Once Nikolai turns the key on the bomb, everything in the story rushes along, propelled by the irrevocable, impending explosion. His dream, an updated delirium from Dostoevsky, highlights the sense of doom and destruction that has been lying just below the surface of the action so far. But there is a change in how real everything feels—how actions chosen and decisions made will impact not just what happens to the characters next but to a wider range of people and for quite a while. OK, so we know it isn’t any more real than earlier…it’s still part of the author’s “idle cerebral play” as the narrator reminds the reader. Yet there is humor as well. A sardine can? Really?
(A couple of additional notes: Pepp Peppovich Pepp represents the name he gave to an expanding ball that Nikolai would see during childhood deliriums. Each turn of the key on the sardine can represents an hour on the bomb's timer.)
The Day of Judgement was at hand.
Bygone dreams were here in reality; the cycles of the planets ran their course here in reality—in a wavelength of a billion years: there was no Earth, no Venus, no Mars, only three nebulous rings ran round the Sun; the fourth had only just exploded, and great Jupiter was about to become a world; only ancient Saturn raised from its fiery centre aconian waves: nebulae swept by; and Nikolai Apollonovich was cast down into the immeasurable by Saturn, his parent, and nought but distances flowed by.
At the close of the fourth kingdom he was on earth: at that time the sword of Saturn hung as an unquenched thunderstorm; the continent of Atlantis had collapsed; Nikolai Apollonovich, Atlas, was a depraved monster (the ground beneath him did not hold—it sank beneath the waters); later he was in China: Apollo Apollonovich, the Emperor of China, commanded Nikolai Apollonovich to slaughter many thousands (which was done); and in those relatively recent times, which thousands of Tamberlaine’s horsemen flooded over Russia, Nikolai Apollonovich came galloping from the steppes to that same Russia on his steed; later he became embodied in the blood of a Russian nobleman; and took up the same old business: just as he had slaughtered thousands then, so now he planned explosion: he planned to throw a bomb at his father; to throw a bomb at swift-flowing time itself. But his father was Saturn, the cycle of time turned upon itself, and closed; the empire of Saturn returned (from sweetness here the heart may burst).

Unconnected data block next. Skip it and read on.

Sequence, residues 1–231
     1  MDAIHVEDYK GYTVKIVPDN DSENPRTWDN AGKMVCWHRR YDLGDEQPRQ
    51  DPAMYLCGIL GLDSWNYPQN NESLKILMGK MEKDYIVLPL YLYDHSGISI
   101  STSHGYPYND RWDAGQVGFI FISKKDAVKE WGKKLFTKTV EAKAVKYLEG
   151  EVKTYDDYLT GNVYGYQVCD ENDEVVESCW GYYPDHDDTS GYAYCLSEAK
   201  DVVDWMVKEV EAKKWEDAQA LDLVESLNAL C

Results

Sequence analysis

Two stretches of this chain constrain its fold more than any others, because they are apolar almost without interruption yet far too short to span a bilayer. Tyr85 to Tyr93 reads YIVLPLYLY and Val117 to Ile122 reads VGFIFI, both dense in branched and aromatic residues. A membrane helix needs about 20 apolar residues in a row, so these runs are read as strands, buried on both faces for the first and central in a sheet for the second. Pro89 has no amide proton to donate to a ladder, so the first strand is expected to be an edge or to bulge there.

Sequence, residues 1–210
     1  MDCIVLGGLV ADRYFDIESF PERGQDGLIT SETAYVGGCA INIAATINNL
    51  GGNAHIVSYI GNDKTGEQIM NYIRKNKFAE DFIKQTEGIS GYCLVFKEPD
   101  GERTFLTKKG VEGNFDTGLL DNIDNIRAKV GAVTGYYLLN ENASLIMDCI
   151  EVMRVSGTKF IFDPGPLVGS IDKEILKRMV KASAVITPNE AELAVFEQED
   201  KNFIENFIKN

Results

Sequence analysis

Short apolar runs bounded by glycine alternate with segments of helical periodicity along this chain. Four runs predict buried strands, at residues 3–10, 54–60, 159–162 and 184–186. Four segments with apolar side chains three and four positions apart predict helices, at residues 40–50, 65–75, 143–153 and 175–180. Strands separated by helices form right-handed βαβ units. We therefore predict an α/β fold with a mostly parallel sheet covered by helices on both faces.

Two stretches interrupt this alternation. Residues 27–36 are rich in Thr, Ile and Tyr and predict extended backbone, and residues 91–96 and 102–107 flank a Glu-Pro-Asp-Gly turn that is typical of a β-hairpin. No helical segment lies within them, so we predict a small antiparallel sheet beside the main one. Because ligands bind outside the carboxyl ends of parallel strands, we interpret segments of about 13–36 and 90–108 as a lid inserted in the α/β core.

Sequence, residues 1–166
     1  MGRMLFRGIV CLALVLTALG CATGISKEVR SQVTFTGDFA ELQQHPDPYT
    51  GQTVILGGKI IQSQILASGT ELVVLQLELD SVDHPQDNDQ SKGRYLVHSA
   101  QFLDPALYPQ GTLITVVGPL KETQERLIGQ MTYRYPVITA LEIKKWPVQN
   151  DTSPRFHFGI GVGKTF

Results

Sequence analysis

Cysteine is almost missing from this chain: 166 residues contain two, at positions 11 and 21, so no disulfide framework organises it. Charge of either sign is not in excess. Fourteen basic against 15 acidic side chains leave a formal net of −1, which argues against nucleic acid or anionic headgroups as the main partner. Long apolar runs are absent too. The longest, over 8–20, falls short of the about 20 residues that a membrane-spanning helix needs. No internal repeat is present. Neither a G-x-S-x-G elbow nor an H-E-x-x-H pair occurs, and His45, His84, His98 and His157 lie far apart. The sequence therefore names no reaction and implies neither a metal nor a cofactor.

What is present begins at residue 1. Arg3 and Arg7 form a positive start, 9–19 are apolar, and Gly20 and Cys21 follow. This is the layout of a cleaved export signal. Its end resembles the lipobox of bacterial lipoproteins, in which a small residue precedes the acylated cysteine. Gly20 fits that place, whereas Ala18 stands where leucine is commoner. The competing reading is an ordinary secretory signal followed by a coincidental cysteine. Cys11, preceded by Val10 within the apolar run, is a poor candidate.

The flow of time ceased to be; for thousands of millions of years matter had been ripening in the spirit; but he had craved to blow up time itself; and lo, everything was perishing. “Father!”
“You planned to blow me up; and therefore everything is perishing.”
“It was not you, but…”
“Too late: the birds, the beasts, people, history, the world—everything is collapsing: it is all falling back to Saturn…”
Everything was falling on to Saturn; the atmosphere outside the windows darkened, turned black; everything came into its ancient molten state, expanding beyond measure, all bodies ceased to be bodies; everything revolved the other way—revolved terribly.
“Cela…tourney…” Nikolai Apollonovich howled in utter terror, finally bereft of his body, but not noticing…
“No, Ça… tourne…”